The Invalidity Division found that although the two designs share the common features of a scooter, there are many differences in the design of these common features. The Invalidity Division specifically pointed out “the differences in the shape, grip and decorative elements of the handles, the control mechanism, the connecting element between the footboard and the steering rod, as well as the shape and additional red decorative elements on the footboard”. These differences were not considered minor. As a result, the Invalidity Division found that the contested design produces a different overall impression compared to the prior design, and consequently that the contested design has individual character. The application for a declaration of invalidity was therefore rejected.

This blog covers invalidity decisions issued by the EUIPO during the third quarter of 2020, from 1 July 2020 to 30 September 2020. Our next blog, which will cover invalidity decisions issued during the fourth quarter of 2020, will be published in January 2021.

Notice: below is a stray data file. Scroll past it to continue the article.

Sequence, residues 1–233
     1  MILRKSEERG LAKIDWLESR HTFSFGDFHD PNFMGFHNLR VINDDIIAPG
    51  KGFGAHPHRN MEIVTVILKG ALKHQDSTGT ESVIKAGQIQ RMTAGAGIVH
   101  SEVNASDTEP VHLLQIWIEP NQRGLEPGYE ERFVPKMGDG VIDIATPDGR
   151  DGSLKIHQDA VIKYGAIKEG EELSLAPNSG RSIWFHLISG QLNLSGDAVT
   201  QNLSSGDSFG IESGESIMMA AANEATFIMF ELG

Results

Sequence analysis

If you would like to discuss how registered designs can help to stop third party knockoffs, how to invalidate a design registration that is being used against you, or for more information about registered designs and other forms of intellectual property protection, please contact us.

This article is for general information only. Its content is not a statement of the law on any subject and does not constitute advice. Please contact Reddie & Grose LLP for advice before taking any action in reliance on it.

Author
Ian Whitfield
Associate
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Would you like to know more? You can talk to Ian Whitfield who will be able to help. Call +44 (0)20 7242 0901